A corporate control drama easily overshadowed low-key citizen protests outside the DuPont Co.’s shareholder meeting on Wednesday – an annual event that in the past has seen angry activists occupy a factory water tower and rappel down the Hotel DuPont.
More-subdued “Keep Your Promises DuPont” picketers at the company’s Chestnut Run headquarters entrance along Del. 141 nevertheless vowed to keep pressing demands for more details on company’s plans to meet pollution liabilities in the mid-Ohio Valley. Concerns are increasing with the approach of a company split that will spinoff some of the greatest liability risks into a new company, Chemours.
About 20 people greeted arriving workers and shareholders with banners and signs making their point, including one depicting company Chief Executive Officer Ellen Kullman in “Speak no evil, see no evil, hear no evil” poses.
The campaign is tightly focused on long-running contamination of public water supplies and groundwater around the company’s Washington Works plant in Parkersburg, West Virginia. One class-action case alone produced a $235 million, long-term medical monitoring agreement for residents exposed to drinking water tainted with the Teflon-related chemical C-8, branded a “likely” carcinogen by a federal science advisory panel.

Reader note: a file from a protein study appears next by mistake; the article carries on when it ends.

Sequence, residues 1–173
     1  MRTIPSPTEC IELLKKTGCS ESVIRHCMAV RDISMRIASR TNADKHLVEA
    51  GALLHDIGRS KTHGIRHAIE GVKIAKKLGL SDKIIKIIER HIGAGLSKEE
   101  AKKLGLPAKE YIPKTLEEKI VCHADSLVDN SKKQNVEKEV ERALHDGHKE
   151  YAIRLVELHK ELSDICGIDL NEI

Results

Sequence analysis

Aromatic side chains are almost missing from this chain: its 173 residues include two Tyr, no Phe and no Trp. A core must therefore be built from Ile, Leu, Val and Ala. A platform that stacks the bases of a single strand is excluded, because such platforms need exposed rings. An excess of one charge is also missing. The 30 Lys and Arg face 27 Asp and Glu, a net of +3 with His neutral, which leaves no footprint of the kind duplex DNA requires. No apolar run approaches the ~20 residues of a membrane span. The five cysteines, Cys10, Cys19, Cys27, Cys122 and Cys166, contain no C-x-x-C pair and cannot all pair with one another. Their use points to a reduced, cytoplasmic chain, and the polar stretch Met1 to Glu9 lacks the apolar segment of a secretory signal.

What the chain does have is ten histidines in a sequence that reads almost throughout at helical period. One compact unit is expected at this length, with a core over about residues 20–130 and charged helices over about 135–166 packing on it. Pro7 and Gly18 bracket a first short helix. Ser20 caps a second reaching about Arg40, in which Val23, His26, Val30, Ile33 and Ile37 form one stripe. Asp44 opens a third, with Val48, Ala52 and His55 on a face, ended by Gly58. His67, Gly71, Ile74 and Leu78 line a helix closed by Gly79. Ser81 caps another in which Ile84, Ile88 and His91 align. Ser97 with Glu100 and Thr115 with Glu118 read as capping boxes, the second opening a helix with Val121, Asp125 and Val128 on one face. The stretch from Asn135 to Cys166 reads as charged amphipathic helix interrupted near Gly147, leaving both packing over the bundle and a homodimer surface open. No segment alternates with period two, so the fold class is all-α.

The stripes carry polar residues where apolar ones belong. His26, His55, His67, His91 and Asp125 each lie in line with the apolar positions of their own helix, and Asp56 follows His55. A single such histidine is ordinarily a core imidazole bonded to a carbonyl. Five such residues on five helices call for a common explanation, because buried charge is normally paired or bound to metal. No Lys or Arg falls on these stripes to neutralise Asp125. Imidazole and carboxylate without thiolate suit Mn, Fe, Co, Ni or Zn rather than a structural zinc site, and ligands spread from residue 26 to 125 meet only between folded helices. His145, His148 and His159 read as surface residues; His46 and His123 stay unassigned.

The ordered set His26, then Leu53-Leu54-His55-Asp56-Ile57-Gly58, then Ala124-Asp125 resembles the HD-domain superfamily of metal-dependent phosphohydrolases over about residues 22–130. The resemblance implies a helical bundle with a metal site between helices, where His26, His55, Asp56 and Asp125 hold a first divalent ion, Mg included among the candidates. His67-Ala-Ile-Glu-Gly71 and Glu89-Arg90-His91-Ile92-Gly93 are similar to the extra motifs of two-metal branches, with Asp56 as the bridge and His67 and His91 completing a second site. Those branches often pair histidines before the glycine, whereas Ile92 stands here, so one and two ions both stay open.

“Our demands haven’t really changed,” said Jeffrey Dugas, a group campaign manager “We didn’t expect anything as a result of the vote. We think DuPont still owes us answers. The fact that the status quo has been maintained kind of reinforces the fact that we need to continue our presence.”
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